So much wrong in just one paragraph by Jeremy Peters of the New York Times

The man who New York Times national political reporter Jeremy Peters selected on Sunday to exemplify his thesis about ordinary Virginians voting Republican due to their “dissatisfaction with the political culture” turned out not to be an ordinary Virginian at all.

Peters quoted Glenn Miller calling himself as a “Hillary-Biden voter,” and wrote that Miller recently reached a “tipping point” that led him to attend a rally for the Republican gubernatorial candidate, Glenn Youngkin.

After Peters tweeted out his story, a little sleuthery by journalist Jonathan M. Katz quickly identified Miller as a prolific Republican donor and an activist foe of the (nonexistent) teaching of “critical race theory” in pubic schools.

The supposed Biden-turned-Youngkin voter @jwpetersNYT quoted wrote an article about CRT and race-based admissions for Quillette two months before the 2020 election:

— Jonathan M. Katz (@KatzOnEarth) November 1, 2021

After Peters tweeted a sniffy response, Katz appropriately rejected and mocked it.

Here’s the response from @jwpetersNYT. (He’s blocked me.) He seems to be—gullibly!— basing this take on one vanity Google hit. Miller is a highly paid, very much for profit real estate lawyer in addition to being a right-wing anti-“CRT” activist. Just amateur stuff from Peters.

— Jonathan M. Katz (@KatzOnEarth) November 1, 2021

But that wasn’t the only problem with Peters’s story.

Consider his central thesis:

It was clear in interviews with voters over the weekend that many Virginians view this election as something symbolically greater than a face-off between two candidates for governor. The contest has exposed the country’s persistent divisions over questions of race, class, privilege and the appropriate role of government, and become an outlet for Virginians to register their dissatisfaction with the political culture.

And see how Peters cast Miller as its poster boy:

“I’m a Hillary-Biden voter,” said Glenn Miller, a lawyer from McLean, as he walked into a Youngkin rally in southern Fairfax County on Saturday night that drew more than 1,000 people. He explained his tipping point: Working from home and hearing his teenage daughter’s teacher make a comment during a virtual lesson about white men as modern-day slaveholders.

An “Editor’s Note” (not a correction) was appended on Monday afternoon:

An earlier version of this article referred incompletely to Glenn Miller. A frequent donor to both parties, he has been active in Virginia in local efforts opposing the elimination of race-blind admissions tests in schools and has spoken out against critical race theory.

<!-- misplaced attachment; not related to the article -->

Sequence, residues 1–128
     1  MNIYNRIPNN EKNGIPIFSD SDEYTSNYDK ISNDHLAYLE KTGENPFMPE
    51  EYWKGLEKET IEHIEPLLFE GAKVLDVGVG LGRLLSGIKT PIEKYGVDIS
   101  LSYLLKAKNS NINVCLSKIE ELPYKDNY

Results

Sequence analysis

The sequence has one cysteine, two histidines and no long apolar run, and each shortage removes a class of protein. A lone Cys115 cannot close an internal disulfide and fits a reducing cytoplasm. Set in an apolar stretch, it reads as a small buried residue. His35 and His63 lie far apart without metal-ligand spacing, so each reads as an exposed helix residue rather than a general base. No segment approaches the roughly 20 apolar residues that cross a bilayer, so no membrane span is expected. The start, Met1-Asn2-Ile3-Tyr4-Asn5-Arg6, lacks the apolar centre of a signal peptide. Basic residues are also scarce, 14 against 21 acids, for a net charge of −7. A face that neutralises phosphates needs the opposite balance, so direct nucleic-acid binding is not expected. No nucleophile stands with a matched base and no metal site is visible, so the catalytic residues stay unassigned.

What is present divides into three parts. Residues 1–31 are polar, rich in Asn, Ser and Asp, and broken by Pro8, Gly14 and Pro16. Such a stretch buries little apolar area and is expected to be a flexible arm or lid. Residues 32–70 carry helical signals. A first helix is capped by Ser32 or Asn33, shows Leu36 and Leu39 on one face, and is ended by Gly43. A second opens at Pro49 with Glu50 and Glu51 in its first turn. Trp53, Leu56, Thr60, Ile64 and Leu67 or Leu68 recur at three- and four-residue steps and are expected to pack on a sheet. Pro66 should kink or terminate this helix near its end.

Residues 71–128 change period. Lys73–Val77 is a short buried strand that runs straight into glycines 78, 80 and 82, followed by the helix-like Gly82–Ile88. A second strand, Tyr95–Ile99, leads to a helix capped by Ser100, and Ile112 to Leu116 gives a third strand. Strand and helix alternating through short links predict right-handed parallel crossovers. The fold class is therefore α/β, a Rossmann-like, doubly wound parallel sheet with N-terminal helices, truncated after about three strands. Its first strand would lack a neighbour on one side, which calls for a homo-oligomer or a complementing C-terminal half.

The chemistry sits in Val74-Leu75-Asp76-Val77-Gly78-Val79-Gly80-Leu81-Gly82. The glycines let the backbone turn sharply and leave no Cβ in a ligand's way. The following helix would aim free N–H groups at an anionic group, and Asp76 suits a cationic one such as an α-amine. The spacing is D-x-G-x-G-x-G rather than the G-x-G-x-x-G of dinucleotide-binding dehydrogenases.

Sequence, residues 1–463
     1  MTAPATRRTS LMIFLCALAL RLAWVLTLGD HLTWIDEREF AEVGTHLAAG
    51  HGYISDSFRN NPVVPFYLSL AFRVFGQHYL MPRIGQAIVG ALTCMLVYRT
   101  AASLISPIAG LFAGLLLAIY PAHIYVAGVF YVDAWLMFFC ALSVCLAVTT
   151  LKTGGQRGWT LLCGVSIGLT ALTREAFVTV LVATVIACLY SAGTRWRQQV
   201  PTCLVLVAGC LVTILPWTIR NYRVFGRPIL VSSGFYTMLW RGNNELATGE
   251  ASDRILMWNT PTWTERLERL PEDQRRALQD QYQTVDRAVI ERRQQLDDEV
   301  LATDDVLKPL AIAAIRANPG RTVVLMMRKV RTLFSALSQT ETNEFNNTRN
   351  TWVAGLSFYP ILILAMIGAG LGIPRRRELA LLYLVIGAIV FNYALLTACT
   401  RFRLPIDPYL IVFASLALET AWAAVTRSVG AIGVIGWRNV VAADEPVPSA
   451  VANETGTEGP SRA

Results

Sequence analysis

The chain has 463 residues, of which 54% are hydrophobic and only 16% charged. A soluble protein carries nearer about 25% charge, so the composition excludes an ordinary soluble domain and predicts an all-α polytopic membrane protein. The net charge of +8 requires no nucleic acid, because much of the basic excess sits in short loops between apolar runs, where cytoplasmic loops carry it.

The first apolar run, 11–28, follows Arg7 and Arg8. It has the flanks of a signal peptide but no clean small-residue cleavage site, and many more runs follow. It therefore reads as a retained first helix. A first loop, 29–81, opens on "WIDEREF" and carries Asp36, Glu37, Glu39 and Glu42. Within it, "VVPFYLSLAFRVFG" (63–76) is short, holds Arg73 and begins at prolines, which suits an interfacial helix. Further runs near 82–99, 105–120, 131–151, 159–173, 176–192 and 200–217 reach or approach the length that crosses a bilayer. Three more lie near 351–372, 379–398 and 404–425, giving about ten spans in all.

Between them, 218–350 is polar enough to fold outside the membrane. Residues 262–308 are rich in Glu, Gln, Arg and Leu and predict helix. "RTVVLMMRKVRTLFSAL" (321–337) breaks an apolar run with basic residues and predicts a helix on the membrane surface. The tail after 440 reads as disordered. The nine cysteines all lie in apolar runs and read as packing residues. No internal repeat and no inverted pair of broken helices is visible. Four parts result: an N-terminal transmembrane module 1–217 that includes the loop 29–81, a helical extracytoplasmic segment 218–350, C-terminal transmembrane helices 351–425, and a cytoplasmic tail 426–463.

But look at how the Times editors tried to fix it:

“I’m a Hillary-Biden voter,” Glenn Miller, a lawyer from McLean and frequent donor to both parties, said as he walked into a Youngkin rally in southern Fairfax County on Saturday night that drew more than 1,000 people. Mr. Miller, who has been active in local efforts opposing the elimination of race-blind admissions tests in schools and has spoken out against critical race theory, explained his tipping point: Working from home and hearing his teenage daughter’s teacher make a comment during a virtual lesson about white men as modern-day slaveholders.

Newsdiffs redux

My son programmed me a version of the abandoned killer app Newsdiffs, to track changes in the Times and the Washington Post. Here’s what it looked like ==>

But the correction was also wrong — in some ways even wronger. Miller is not a “frequent” donor to Democrats; his political donations are overwhelmingly to Republicans.

And the corrected version no longer makes sense; it refutes itself. There was no “tipping point.” Miller may in fact have been a Never-Trumper, but it seems obvious that he hardly needed a push to get on Youngkin’s race-baiting bandwagon.

The paragraph also still passes along Miller’s assertion about overhearing his daughter’s teacher as presumptively true.

I found these observations by journalist Magdi Semrau highly on point:

Deceptive Identifications

As for Peters, this was not the first time he had deceptively identified the not-so-ordinary person he chose to exemplify his thesis. He did the same thing in June 2018:

So the guy was on notice. But he did it again, anyway.